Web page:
AMSTERDAM (Reuters) - The Dutch are among the lowest users of marijuana or cannabis in Europe despite the Netherlands’ well-known tolerance of the drug, according to a regional study published Thursday. Among adults in the Netherlands, 5.4 percent used cannabis, compared with the European average of 6.8 percent, according to an annual report by the European Monitoring Center for Drugs and Drug Addiction, using latest available figures.
A higher percentage of adults in Italy, Spain, the Czech Republic and France took cannabis last year, the EU agency said, with the highest being Italy at 14.6 percent. Usage in Italy used to be among the lowest at below 10 percent a decade ago.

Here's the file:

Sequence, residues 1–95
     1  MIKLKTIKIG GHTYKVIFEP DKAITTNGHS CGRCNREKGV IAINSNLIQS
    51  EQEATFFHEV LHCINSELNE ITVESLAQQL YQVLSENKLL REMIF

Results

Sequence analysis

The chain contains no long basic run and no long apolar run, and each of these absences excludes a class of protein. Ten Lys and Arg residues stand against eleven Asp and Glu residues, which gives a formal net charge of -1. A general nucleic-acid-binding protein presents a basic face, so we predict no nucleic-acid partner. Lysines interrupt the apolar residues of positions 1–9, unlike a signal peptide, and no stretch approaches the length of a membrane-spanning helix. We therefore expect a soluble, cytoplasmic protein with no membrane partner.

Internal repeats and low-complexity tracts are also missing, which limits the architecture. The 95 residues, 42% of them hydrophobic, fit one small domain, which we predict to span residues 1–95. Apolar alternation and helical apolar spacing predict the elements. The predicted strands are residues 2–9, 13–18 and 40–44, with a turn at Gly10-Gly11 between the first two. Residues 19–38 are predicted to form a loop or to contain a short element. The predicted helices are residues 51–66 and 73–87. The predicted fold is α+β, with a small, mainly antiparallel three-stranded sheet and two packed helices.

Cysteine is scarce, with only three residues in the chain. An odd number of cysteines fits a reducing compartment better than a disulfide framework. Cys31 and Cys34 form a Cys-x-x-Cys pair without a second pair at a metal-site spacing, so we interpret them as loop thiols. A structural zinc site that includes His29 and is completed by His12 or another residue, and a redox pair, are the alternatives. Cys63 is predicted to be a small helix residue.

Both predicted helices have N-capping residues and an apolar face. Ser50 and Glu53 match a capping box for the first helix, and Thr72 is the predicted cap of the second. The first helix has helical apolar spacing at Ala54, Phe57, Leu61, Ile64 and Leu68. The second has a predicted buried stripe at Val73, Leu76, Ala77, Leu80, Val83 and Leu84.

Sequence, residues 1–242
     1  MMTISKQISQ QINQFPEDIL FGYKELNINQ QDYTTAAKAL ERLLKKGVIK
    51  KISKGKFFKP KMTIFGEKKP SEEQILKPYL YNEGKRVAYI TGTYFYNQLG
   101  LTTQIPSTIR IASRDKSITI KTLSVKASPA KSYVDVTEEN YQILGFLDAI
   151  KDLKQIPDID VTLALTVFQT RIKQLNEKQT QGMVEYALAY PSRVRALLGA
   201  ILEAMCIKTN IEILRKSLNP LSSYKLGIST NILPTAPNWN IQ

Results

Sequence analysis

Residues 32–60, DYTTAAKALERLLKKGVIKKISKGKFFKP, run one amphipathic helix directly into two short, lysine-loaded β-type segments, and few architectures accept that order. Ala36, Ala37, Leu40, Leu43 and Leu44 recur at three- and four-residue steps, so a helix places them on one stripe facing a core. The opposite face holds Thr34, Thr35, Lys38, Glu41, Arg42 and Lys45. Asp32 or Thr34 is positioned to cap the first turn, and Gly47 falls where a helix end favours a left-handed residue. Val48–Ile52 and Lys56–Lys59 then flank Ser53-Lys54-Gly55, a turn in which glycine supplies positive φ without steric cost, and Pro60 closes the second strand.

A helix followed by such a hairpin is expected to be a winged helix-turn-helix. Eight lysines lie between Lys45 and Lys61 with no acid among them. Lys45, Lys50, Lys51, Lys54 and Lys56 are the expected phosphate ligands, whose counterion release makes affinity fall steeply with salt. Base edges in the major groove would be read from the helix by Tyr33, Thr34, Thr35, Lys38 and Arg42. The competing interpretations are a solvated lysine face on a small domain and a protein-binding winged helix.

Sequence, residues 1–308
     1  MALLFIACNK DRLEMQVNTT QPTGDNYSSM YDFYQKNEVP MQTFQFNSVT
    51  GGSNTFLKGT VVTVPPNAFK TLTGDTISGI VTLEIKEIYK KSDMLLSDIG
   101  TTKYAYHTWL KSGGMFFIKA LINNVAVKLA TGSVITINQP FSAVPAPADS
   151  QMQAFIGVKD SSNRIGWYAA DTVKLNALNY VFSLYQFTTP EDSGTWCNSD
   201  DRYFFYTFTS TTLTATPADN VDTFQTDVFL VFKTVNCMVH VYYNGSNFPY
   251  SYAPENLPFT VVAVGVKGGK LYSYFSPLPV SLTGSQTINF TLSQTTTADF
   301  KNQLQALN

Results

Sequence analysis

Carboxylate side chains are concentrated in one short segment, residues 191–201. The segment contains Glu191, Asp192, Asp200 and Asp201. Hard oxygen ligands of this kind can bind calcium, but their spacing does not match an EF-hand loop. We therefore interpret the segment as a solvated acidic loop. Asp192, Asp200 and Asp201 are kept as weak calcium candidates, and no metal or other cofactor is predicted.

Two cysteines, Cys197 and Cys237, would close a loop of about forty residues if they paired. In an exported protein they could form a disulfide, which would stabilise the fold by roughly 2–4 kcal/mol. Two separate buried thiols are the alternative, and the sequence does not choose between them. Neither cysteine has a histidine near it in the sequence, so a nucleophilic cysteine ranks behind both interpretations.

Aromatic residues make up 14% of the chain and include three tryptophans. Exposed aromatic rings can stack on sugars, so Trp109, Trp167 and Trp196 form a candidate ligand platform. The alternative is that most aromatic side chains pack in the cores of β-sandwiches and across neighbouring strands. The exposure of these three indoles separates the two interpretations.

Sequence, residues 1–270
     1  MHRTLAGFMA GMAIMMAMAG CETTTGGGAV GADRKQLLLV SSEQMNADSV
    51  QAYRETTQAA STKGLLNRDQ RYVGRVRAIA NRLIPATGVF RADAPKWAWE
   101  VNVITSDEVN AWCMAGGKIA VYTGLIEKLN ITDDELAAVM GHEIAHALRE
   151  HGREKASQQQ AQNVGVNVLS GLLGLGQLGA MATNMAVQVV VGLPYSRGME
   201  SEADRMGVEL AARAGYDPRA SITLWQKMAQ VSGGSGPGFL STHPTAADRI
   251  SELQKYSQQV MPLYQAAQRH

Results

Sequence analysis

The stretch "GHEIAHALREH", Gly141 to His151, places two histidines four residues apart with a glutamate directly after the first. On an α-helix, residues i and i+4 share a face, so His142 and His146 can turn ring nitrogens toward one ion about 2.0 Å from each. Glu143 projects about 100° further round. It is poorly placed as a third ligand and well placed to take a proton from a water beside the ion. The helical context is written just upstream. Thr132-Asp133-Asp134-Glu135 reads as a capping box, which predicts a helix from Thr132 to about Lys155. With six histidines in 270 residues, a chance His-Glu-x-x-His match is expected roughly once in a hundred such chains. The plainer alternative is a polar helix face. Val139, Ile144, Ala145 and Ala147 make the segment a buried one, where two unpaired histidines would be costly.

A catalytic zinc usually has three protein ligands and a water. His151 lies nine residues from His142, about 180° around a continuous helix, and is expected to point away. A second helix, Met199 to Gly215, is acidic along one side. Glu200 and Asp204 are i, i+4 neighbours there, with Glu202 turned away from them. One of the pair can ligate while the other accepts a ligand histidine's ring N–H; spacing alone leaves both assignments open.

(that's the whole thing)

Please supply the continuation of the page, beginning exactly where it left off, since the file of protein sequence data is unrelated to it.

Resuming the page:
Countries with the lowest usage rates, according to the Lisbon-based agency, were Romania, Malta, Greece and Bulgaria.
Cannabis use in Europe rose steadily during the 90s and earlier this decade, but has recently stabilized and is beginning to show signs of decline, the agency said, owing to several national campaigns to curb and treat use of the drug.
“Data from general population and school surveys point to a stabilizing or even decreasing situation,” the report said.
The policy on soft drugs in the Netherlands, one of the most liberal in Europe, allows for the sale of marijuana at “coffee shops,” which the Dutch have allowed to operate for decades, and possession of less than 5 grams (0.18 oz).
Nearly a fifth of the 228 coffee shops in the Dutch capital of Amsterdam, a popular draw for tourists, are scheduled to be shut down because they are too close to schools.
The full report by the European Monitoring Center for Drugs and Drug Addiction is available at r.reuters.com/vef87f
Reporting by Reed Stevenson; Editing by Elizabeth Fullerton